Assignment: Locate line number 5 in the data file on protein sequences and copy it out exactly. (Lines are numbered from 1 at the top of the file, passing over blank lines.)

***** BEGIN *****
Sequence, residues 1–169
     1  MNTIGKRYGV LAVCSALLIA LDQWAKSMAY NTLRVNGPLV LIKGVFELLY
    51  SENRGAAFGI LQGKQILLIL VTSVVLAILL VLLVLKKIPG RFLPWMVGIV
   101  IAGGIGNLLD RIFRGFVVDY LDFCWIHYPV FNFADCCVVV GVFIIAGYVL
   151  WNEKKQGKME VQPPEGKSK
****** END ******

   151  WNEKKQGKME VQPPEGKSK